Yet the sad reality is that even as an adult I felt discriminated. I was forty when I decided to fully become the woman that I always were and because of this decision I lost colleagues, people I knew and even friends. Thankfully my university (Gent) defended me and stood by my side when I faced backlash because of my decision; I was really scared. I know so many people who have lost everything – their jobs and their families because of this. Because of an individual decision. This is why suicide rates are so high amongst transgender people.

Part II : On adulthood and becoming

!6: 30 . Growing up I did not necessarily know what I wanted to become but I surely knew what I did not want to become. My father is a judge and that for example is a path that never appealed to me – you know, with all the strictness!

Was I unhappy all the time? No.


I was always interested in science and I found my path through medicine and luckily enough I ended up in reproductive medicine. Initially in medical school, I had no idea that I would end up a gynecologist. I did some traineeships and the most wonderful one in the batch was the one I did in obstetrics and medicine. After that, I told myself: this is exactly what I want to do. Why? Because I love the way it deals with women, of a very young age as well and above all because it deals with certain things that one cannot deal with in any other field of medicine. Pregnancy is something unique for example and I feel so glad to be able to work on this. Reproductive medicine has so many aspects that are so important, both from a social and a political point of view. So, in a sense my work has always been very political, because of its multi-layered approach to medicine: How society deals with reproduction, how politics deal with reproduction, how people deal with reproduction. This is a subject that triggers a lot of emotions: you are either for or against abortion, you are in favour or against embryos research… whatever: you name it – Everyone has a say in reproductive medicine!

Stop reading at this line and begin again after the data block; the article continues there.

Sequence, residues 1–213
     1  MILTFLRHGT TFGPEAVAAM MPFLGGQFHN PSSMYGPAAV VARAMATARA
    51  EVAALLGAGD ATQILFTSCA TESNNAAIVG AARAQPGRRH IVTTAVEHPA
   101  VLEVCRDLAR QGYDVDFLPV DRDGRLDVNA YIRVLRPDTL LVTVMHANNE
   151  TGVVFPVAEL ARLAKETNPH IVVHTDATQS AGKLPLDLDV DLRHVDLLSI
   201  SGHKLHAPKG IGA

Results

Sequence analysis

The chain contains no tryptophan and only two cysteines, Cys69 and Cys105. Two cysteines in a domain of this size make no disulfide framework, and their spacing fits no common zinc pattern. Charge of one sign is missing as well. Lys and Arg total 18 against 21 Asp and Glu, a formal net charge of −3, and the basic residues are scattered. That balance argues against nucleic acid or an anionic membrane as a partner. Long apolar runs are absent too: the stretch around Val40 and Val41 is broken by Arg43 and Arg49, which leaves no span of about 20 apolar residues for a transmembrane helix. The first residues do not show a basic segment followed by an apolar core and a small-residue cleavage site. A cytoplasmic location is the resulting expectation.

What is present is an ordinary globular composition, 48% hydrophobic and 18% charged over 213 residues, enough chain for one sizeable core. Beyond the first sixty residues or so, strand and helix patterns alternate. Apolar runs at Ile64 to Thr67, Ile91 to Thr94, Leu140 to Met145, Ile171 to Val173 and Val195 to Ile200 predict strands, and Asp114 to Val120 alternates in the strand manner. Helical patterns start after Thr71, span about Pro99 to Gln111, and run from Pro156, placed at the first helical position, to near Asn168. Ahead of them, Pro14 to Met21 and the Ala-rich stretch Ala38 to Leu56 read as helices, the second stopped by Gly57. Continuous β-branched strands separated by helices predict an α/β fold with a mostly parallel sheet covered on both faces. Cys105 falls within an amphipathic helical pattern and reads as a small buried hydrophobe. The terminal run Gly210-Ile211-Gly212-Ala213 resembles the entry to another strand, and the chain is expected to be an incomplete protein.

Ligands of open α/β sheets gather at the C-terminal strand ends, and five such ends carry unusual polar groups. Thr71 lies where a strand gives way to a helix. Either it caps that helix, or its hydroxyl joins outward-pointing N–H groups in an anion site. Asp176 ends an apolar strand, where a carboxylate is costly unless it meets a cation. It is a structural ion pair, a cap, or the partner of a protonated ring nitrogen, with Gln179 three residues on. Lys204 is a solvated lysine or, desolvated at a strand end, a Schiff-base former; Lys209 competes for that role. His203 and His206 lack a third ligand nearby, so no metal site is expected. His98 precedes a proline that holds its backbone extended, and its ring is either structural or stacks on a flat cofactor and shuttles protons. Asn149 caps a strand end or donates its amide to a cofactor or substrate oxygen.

Eventually, I was given the opportunity to choose how to get involved politically and so I said : the European list; and being in the political arena has made me stronger.  

I remember this time, at the Council of Europe when I was writing this report on surrogacy and my opponents meddled that with my own personal story: they pretended that I was too personally involved in the topic to be able to deal with it objectively and professionally. This incident undermined not only my person, but also my work ethic! Who are my opponents? Many people! I guess mostly those who believe a family should just be a man and a woman.

Am I angry? I am very angry. But the art is to channel anger into action, otherwise you just become an angry, sad or even depressed person. You don’t have to be the subject of your anger. Being angry in politics means fighting for the good cause. Not everybody has had the luck in life that I had, in being accepted in my working environment, being accepted by my partner and love. In fact, very few people in my situation had this luck. This is why I need to do something, for those who lacked this luck. I have a very strong feel of justice and find it so unjust that people in the world suffer simply because of who they want to be. Ah, I probably internalized my father’s sense of justice after all!